Buildings facing financial difficulties, defined by the application of tax liens or property tax exemptions, may be temporarily exempt from Int. 1253.
Emissions Limit Adjustment
A building facing mandated emissions reductions in excess of 40% of its overall emissions may receive an emissions limit reduction equivalent to 70% of the building’s emissions limits in the 2018 calendar year.
Is everything set in stone?
No. While Int. 1253 establishes guidelines for limiting New York City’s building emissions, many of the specifics have yet to be ironed out. As noted, while the bill includes guidelines for greenhouse gas coefficients during the initial compliance period, subsequent standards will be set through rulemaking. In addition, the emissions limits are subject to change and lack specific guidelines for 2035 onwards.
While there exists some ambiguity regarding specific policies moving forward, there are still concrete steps you can take today to move your building towards compliance.
Where can I find information on how to improve my building’s energy performance?
The Building Energy Exchange has developed a catalogue of published reports and case studies illuminating diverse potential compliance pathways for building owners. Specific resources of interest include:
Tech Primers offer an introduction to leading-edge efficiency solutions limiting building energy use.
High Performance Retrofit Track: Participant Profiles highlight successful building retrofits completed by some of New York City’s most forward looking building owners.
Turning Data Into Action utilizes New York City’s building energy usage benchmarking data to assess energy efficiency pathways for various building types.
Pursuing Passive details the theoretical retrofit of an actual mid-century post-war building to the Passive House standard.
Better Steam Heat identifies opportunities for improving steam heating systems in large multi-family buildings.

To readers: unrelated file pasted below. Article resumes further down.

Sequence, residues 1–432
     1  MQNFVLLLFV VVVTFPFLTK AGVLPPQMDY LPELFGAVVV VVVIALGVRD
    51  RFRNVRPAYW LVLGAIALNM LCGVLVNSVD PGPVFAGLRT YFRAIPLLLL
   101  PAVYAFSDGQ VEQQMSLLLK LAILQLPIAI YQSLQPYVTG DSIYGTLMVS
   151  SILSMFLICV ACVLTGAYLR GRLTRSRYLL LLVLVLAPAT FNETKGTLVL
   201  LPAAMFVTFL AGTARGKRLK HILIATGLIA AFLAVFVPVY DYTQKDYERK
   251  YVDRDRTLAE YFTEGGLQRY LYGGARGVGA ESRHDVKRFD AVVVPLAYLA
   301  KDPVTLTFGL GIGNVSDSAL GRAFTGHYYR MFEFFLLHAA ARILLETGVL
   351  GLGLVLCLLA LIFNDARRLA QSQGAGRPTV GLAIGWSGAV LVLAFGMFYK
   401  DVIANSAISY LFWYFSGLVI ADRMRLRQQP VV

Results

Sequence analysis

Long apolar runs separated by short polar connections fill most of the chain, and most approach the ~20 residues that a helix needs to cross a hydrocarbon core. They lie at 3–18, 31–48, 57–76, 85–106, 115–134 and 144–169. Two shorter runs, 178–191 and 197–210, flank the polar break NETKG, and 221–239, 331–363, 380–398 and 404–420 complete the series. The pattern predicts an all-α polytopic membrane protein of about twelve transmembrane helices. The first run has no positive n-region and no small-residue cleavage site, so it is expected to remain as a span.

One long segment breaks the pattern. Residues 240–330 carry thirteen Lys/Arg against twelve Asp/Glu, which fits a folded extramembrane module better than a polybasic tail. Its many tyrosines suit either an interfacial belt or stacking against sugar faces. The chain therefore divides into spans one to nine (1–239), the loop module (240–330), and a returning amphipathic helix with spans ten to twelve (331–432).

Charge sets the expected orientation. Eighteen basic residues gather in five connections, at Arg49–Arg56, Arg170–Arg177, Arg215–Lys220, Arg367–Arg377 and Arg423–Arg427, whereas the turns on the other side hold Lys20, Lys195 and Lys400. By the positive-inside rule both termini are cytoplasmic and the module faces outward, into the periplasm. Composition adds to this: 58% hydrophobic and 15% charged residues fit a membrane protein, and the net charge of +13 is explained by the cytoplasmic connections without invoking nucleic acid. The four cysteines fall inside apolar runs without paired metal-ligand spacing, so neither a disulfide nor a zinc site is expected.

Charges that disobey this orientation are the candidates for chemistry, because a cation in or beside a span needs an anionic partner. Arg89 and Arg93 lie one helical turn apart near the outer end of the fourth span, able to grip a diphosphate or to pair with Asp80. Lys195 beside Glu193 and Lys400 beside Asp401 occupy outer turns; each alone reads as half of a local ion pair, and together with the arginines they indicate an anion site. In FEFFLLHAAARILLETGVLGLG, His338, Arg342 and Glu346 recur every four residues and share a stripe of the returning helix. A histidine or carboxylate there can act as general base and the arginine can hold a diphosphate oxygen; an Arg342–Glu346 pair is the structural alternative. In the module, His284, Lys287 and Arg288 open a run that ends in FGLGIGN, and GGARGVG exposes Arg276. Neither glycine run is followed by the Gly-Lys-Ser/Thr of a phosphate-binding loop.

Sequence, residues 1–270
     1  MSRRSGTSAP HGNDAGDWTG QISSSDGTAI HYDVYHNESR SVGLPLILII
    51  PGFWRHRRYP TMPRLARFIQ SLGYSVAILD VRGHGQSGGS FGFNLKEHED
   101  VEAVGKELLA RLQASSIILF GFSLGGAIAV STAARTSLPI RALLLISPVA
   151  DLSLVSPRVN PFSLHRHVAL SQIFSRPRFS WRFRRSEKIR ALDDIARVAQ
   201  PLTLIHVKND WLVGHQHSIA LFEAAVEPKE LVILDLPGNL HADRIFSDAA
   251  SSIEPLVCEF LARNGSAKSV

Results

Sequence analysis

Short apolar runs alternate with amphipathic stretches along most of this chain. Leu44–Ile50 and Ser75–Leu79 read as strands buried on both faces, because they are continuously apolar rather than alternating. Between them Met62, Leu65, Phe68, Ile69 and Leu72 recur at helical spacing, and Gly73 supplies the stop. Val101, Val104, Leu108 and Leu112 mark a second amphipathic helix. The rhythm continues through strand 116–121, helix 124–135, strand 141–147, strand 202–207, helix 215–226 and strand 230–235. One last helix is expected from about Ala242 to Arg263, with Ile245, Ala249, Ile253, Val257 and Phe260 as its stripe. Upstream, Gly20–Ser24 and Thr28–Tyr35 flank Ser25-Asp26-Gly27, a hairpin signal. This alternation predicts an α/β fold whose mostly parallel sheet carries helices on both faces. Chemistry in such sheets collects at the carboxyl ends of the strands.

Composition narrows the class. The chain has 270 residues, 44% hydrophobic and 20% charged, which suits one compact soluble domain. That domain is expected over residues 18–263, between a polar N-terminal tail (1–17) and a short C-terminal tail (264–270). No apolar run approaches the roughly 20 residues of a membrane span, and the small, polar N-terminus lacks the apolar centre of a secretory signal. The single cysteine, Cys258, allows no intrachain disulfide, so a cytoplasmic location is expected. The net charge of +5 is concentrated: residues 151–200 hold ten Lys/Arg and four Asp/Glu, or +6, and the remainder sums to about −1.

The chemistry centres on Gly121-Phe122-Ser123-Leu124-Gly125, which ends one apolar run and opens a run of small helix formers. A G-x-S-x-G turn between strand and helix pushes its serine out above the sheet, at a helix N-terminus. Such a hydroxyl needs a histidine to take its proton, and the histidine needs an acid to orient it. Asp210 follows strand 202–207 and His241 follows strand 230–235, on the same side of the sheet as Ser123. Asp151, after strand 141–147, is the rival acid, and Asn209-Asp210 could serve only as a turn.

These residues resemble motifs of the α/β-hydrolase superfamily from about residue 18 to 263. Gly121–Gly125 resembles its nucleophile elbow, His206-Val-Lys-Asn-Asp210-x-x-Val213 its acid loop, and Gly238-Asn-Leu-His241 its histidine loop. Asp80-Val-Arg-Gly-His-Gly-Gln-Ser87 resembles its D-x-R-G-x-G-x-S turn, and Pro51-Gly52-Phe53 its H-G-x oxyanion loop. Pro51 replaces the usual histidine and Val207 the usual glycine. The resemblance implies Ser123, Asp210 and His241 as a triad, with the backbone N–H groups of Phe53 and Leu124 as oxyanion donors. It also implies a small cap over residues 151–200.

Lighting the Way offers guidance on commercial lighting system upgrades that can reduce energy use.
Visit our Resources page for more!
In addition to our resources, the Building Energy Exchange offers the Passive House Primer, a one-hour seminar on Passive House fundamentals and their application in the NYC market.
Outside of the Building Energy Exchange, other organizations include the New York City Retrofit Accelerator, supplying building owners with free advisory services to streamline the building improvement process. Building owners in need of financing assistance can work with New York City Energy Efficiency Corporation, a non-profit specialty finance company geared towards providing custom-tailored solutions to lose financing gaps for clean energy projects. For those involved in the construction and building-maintenance trades, GPRO offers training in high-performance sustainability methods.
Still have questions? The Building Energy Exchange will be hosting a Climate Mobilization Act Briefing alongside the Mayor’s Office of Sustainability, the New York City Retrofit Accelerator, and the New York City Energy Efficiency Corporation on May 22. Join us to hear from experts involved in the legislation’s development and those charged with its implementation.